Today, Gov. Brian Kemp delivered his State of the State Address at the Georgia Capitol Museum. At the beginning of the address, Kemp promised to “put hard work and Georgians first,” fund priorities like education, public safety, and healthcare, and keep the government “efficient, responsible, and accountable.”
During the address, Kemp mentioned the Georgia Match Program, which he introduced at last year’s Workforce Summit. The program matches students in Georgia with colleges based on their HOPE GPA. “As of today, over 10,000 students have already “met their match,” said Kemp. “and we will keep working to reach every high school senior in Georgia so that they know there is a higher education path open to them right here in the Peach State, no matter their circumstances.”
Kemp’s amended 2024 budget and fiscal 2025 budget “double down” on the support of k-12 education. $1.4 billion has been allocated to total $12.8 billion in that area.
“Republicans and Democrats alike have supported this record investment in our students, and I want to take a moment and thank all of you for that strong, bipartisan achievement.” said Kemp.
However, Kemp noted that “increased funding does not always guarantee greater success.” He then addressed the ongoing debate around “school choice” and “educational freedom,” Saying that all parties should “get around a table” and agree on the best path for kids.
“In my opinion, what each of those terms or slogans fail to mention is the child.” said Kemp. “At the end of the day, our first and foremost consideration should be the future of that student.”
Lastly, Kemp proposed to make school security funding permanent to give students a safe education regardless of zip code. “Since I took office, I have had the opportunity to hold more than 30 roundtable discussions with educators and superintendents from all over this state,” said Kemp. “We heard frequently that our schools were in need of additional resources to enhance this security. That is why since 2019, we have provided more than 185 million dollars to all of our schools to help ensure the safety and well-being of our students and teachers.”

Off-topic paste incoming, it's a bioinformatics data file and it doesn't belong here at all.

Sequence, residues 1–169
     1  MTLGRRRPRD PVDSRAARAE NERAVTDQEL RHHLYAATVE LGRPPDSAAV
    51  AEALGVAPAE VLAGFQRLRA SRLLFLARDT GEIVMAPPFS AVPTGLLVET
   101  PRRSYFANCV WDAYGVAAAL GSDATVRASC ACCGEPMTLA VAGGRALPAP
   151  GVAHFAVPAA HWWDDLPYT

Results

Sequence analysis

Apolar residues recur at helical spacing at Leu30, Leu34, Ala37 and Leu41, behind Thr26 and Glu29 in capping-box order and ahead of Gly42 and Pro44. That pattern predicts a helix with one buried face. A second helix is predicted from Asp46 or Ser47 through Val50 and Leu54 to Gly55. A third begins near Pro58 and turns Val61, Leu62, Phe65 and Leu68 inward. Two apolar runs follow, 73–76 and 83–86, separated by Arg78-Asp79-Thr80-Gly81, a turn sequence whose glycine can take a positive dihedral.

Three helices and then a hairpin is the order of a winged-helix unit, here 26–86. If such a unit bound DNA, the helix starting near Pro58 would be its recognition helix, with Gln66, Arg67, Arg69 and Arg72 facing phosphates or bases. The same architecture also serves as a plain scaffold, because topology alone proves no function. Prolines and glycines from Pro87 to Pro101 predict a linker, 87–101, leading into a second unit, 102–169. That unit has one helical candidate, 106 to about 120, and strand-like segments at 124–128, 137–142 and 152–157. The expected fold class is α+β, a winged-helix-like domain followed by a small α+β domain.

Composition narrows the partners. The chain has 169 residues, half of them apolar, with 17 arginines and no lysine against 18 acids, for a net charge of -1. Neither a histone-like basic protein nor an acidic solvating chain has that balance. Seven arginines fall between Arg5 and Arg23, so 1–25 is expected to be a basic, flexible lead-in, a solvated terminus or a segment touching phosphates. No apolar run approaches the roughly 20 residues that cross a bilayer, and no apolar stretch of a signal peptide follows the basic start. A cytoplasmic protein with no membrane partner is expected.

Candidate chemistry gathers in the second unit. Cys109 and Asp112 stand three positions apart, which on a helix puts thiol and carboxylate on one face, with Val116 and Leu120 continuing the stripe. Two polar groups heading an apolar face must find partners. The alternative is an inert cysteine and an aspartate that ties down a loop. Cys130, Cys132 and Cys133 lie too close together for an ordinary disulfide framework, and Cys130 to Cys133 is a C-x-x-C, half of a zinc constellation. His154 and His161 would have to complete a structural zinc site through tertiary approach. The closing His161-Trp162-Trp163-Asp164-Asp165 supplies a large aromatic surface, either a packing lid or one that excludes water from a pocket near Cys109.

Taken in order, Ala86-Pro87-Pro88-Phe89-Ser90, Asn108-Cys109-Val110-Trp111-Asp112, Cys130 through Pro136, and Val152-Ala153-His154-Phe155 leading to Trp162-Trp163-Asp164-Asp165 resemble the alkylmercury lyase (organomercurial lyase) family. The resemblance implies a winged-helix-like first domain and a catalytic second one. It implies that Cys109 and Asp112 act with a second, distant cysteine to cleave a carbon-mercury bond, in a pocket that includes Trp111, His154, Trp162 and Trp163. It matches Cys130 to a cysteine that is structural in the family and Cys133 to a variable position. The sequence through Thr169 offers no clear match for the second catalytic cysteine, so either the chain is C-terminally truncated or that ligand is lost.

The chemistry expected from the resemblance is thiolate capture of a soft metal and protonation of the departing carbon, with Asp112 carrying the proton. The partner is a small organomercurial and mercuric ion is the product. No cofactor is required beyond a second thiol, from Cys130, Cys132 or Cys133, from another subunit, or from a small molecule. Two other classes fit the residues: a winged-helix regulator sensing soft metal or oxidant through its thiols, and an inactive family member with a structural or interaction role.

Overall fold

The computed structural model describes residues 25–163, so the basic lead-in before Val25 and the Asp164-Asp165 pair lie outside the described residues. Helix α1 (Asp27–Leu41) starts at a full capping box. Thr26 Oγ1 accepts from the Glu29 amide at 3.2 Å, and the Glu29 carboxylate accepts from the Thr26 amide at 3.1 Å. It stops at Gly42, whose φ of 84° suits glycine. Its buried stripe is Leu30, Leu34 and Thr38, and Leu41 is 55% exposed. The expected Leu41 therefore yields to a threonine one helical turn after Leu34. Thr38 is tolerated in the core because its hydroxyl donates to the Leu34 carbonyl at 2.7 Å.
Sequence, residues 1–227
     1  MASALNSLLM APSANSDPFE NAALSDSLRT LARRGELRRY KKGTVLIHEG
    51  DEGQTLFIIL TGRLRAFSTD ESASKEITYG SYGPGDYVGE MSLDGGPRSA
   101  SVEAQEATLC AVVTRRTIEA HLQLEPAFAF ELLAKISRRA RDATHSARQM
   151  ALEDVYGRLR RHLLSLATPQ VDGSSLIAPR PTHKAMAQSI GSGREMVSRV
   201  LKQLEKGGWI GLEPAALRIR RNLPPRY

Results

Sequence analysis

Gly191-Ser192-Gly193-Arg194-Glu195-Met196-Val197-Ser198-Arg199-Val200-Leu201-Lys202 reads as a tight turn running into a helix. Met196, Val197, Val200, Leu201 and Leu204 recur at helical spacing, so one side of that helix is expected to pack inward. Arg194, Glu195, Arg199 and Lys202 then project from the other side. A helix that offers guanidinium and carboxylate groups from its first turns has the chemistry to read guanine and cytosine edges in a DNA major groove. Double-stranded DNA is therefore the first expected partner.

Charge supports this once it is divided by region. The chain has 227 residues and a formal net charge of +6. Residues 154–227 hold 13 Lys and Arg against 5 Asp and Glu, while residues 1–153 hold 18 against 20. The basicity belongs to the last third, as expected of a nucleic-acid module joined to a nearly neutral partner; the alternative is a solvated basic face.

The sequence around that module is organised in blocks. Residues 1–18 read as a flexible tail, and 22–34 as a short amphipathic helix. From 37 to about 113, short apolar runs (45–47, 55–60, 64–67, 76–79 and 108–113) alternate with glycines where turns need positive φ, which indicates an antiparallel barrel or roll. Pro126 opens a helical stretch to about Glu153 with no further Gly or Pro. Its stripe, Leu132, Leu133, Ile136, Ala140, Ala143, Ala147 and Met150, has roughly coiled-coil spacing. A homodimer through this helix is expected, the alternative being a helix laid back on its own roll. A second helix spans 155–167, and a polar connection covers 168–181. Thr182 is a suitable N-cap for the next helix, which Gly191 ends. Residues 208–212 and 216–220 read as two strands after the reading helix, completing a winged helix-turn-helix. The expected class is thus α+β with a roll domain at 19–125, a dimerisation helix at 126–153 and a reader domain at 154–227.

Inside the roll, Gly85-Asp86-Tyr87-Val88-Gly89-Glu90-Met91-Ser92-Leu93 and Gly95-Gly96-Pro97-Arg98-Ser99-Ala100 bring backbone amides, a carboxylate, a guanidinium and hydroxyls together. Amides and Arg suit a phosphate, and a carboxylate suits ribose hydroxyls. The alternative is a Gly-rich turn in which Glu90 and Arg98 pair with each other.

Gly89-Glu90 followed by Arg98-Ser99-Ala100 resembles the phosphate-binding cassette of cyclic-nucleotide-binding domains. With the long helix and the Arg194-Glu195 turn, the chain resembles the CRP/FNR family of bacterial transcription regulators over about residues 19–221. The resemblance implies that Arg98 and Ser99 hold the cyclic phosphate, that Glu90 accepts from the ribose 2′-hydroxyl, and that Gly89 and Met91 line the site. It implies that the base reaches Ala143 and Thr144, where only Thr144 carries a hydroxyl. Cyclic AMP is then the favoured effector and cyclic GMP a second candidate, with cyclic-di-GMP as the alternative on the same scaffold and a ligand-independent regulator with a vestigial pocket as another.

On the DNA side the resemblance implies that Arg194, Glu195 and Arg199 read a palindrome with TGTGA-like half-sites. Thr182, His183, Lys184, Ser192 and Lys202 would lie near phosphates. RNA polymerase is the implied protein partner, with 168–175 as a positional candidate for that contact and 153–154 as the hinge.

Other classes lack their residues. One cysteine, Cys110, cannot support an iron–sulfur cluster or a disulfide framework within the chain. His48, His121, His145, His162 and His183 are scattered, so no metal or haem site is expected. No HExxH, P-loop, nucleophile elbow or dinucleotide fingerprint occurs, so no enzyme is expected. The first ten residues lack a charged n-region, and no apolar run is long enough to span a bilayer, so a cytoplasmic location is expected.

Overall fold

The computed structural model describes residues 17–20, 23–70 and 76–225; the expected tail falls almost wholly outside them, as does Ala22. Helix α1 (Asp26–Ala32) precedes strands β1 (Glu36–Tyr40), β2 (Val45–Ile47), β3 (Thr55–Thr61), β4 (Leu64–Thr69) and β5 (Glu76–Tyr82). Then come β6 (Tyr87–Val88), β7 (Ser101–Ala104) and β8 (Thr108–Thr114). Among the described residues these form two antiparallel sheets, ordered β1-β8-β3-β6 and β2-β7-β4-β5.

Kemp’s proposal includes a request for $104 million that will “go directly to school districts for school safety enhancements.” He said the schools will decide how best to use that money, whether it be for school resource officers or physical and technology improvements.” “I hope to see strong bipartisan support for this budget item to keep our kids and our schools safe,” said Kemp.
According to Kemp, the proposal also includes a pay increase for all state employees, including teachers. “This will build on the historic raises we provide it for educators overreach over recent years, and will increase every state worker’s pay by 4%,” said Kemp.
Kemp ended his address by praising the people in Georgia for their work throughout the past several years and encouraging them to keep “highlighting a different path” from the government in Washington.